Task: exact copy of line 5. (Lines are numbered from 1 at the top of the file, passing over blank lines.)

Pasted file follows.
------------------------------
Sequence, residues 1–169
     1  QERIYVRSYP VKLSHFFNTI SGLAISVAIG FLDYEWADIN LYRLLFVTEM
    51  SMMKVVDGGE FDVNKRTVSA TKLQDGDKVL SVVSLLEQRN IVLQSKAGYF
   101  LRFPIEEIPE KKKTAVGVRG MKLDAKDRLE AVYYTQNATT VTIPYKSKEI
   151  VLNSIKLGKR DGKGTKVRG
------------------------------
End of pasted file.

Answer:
   151  VLNSIKLGKR DGKGTKVRG